The first two faces read as follows. I’ve made this from the rather splendid French translation of Jean-Claude Grenier, “L’Osiris Antinoos”, CENIM 1, Montpellier, 2008, which I found online here, and which comes with some very learned notes. There are some dreadfully unreliable English versions online, I find.
Face 1 (South-facing)
Words said by the Osiris Antinous, [justified], “Come to the master of life.” The blessed one who is in the afterlife and who lies in this sacred place which is found inside the gardens of the domain of the Prince in Rome. He is known for becoming a god in the “abatons” of Egypt, and shrines have been built for him (where) he is worshipped as a god by the prophets and priests of Upper and Lower Egypt and (by) the inhabitants of Egypt also. A city is named after him; to it belongs a population of Greeks and sons of Horus and children of Seth, resident in the cities of Egypt; they have come from their cities, and valuable lands have been given to them, to enrich their lives greatly. There is a temple there of this god – his name is “Osiris Antinous, justified” – built from fair white stone. Sphinxes stand on its perimeter, and statues, numerous columns like those once made by the ancients, and also like those made by the Greeks. All the gods and all the godesses give him there the breath of life, and he breathes in of it, having rediscovered his youth.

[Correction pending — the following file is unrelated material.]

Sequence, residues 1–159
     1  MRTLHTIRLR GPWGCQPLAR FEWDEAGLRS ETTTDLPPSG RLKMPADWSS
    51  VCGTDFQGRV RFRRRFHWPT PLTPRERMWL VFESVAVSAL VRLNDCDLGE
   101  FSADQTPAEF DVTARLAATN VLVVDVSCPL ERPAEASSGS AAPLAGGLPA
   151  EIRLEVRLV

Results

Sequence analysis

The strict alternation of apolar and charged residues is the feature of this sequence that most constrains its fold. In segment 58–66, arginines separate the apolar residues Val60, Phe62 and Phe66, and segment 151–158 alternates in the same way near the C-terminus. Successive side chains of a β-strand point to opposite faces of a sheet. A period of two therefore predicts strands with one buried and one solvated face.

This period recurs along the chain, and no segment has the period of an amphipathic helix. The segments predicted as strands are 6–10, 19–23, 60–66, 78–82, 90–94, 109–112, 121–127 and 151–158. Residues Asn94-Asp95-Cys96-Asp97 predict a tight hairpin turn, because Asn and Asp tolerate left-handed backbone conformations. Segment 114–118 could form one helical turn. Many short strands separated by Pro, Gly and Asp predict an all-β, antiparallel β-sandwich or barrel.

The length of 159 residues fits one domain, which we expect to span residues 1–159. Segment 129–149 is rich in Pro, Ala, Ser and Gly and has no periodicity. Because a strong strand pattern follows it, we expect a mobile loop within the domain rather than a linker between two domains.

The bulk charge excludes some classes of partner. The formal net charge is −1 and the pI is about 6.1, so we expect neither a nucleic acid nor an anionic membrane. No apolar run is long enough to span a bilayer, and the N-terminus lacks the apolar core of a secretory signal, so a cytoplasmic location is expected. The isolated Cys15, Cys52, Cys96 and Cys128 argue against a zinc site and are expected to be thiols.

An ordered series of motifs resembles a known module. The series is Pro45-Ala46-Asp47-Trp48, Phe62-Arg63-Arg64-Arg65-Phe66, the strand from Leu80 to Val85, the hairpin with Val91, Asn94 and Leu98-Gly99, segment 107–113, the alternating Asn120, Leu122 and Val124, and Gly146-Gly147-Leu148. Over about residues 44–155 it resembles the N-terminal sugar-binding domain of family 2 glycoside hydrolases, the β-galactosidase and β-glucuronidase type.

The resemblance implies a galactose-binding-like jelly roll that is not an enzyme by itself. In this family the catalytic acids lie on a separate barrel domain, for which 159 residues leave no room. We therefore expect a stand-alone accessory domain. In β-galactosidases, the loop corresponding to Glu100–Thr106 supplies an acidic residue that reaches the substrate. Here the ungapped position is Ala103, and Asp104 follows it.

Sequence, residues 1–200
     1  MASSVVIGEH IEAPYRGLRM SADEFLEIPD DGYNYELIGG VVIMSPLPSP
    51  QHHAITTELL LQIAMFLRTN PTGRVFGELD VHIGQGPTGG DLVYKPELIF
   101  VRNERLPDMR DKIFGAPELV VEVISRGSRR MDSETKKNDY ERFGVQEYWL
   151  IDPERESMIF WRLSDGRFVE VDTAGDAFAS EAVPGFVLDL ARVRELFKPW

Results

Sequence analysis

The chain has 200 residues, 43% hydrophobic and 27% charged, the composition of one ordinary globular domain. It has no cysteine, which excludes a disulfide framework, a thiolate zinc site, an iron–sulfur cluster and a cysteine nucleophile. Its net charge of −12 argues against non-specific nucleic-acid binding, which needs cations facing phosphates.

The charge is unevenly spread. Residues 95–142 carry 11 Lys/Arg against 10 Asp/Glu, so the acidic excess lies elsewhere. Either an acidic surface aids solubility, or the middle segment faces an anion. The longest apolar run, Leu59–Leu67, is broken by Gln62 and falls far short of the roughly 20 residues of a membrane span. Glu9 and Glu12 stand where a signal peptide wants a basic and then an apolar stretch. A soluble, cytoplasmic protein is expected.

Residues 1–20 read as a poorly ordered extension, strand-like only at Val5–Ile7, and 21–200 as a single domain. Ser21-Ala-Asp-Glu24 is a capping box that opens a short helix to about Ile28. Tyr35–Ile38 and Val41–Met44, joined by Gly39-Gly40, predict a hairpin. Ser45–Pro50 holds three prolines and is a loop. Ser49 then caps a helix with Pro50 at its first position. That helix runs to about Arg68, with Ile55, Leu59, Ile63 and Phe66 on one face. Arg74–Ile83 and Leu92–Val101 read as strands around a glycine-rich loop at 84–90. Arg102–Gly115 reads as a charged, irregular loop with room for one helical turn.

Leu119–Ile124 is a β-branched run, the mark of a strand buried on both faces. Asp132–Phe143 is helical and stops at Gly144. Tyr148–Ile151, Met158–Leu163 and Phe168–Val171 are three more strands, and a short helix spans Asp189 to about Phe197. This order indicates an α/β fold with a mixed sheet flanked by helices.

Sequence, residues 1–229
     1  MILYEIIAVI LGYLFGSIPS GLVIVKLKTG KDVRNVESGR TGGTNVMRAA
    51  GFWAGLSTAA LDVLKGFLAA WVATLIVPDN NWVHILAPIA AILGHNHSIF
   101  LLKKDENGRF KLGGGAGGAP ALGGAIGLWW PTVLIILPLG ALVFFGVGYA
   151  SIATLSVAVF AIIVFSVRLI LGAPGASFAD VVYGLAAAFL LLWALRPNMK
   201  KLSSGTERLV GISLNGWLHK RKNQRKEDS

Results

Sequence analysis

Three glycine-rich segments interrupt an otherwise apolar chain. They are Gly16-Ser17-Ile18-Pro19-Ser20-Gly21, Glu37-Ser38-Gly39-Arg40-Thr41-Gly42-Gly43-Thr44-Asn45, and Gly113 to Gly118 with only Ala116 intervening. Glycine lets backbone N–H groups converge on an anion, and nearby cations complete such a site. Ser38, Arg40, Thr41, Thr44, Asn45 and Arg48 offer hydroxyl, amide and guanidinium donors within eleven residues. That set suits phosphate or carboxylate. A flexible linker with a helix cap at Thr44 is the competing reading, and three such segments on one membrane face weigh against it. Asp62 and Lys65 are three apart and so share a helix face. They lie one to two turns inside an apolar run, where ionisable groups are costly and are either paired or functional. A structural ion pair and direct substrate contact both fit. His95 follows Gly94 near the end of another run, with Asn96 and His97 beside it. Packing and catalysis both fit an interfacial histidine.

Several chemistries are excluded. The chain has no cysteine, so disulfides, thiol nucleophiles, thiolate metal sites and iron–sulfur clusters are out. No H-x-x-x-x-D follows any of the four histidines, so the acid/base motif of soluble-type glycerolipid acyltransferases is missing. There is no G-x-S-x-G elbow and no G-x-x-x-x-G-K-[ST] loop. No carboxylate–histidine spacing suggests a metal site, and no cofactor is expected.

Face 2 (west-facing)
Next to an image of Antinous is a damaged inscription, which now reads only, “Words spoken by the Osiris Anti[nous]…”
Facing him is Thoth, with the legend, “Words spoken by Thoth, twice great, Lord of Khemenou (Hermopolis): ‘I make your heart alive for you every day.'”